“Vaarwell Shell”, or should that be “welcome home to a dear old friend”? News that the oil giant is leaving The Hague – and axing the “Royal Dutch” part of its name – to become 100% British has “gone down like a plate of mouldy pannenkoeken in the Netherlands”, said Ben Marlow in The Daily Telegraph. The decision to unify the company’s domicile in London means severing ties dating back to the formation of Royal Dutch Petroleum in the late 1800s. The Dutch government declared itself “unpleasantly surprised”. In the City, by contrast, it was “trebles all round”. Shell’s move to follow fellow big Anglo-Dutchers RELX (formerly Reed Elsevier) and Unilever back to Blighty is a huge post-Brexit vote of confidence.
The Dutch government, which is reportedly scrambling to reverse the decision, “has only itself to blame”, said Ian King on Sky News. Part of the impetus was a punishing Dutch tax on dividends. Beyond that, it’s just good housekeeping. Since 2005, the combined company (formed from an original 1907 merger) has been hampered by a complex structure of “A” shares in London and “B” shares in the Netherlands, with each taxed differently. For investors, simplification looks like “a right royal result”. It might also placate a troublesome US activist, Dan Loeb of Third Point, who has been gunning for a full break- up of the company.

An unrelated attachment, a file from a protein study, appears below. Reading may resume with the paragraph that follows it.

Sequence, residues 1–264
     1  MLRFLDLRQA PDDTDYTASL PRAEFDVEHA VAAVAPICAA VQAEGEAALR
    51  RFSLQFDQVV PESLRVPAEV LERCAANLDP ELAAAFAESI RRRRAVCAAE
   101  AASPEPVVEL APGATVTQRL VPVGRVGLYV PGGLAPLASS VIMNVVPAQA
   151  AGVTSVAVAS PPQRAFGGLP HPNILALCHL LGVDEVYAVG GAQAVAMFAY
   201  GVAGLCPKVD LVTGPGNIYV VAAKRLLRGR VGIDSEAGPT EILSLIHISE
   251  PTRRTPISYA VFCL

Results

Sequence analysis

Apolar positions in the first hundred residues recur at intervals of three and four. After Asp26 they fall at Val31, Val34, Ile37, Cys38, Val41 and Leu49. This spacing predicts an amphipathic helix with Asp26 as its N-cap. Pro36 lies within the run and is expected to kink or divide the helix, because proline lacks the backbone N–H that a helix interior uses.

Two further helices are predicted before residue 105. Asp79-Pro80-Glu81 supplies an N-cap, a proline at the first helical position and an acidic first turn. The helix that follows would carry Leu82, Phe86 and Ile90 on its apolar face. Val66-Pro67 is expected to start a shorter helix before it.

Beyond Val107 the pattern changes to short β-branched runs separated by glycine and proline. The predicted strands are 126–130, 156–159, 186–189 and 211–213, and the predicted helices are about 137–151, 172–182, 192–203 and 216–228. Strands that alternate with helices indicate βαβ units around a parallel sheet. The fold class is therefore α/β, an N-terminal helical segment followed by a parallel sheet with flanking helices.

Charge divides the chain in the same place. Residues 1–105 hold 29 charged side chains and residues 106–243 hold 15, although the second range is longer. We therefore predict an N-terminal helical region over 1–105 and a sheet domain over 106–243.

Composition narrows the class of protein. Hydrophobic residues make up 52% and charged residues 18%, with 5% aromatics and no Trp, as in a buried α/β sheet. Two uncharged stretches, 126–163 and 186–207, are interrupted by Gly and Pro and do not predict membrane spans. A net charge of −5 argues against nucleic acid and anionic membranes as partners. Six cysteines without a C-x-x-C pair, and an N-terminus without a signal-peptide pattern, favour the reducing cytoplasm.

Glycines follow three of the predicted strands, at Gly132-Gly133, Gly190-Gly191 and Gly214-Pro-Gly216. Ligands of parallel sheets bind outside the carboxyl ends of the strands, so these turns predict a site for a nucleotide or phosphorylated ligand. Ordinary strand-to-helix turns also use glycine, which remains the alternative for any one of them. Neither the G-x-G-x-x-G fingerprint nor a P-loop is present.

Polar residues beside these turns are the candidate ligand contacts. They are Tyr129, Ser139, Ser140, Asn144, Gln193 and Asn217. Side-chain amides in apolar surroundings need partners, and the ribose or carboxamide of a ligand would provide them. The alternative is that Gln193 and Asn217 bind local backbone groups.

After “seven fat years at the helm”, this could be a “last hurrah” for CEO Ben van Beurden, said Alex Brummer in the Daily Mail. That might be just as well.” He, after all, was the boss who “doubled down on oil and gas” by acquiring BG Group for £51bn in 2016. Shell’s most pressing “strategic priority” now is devising “a carbon-neutral strategy which investors can believe in”.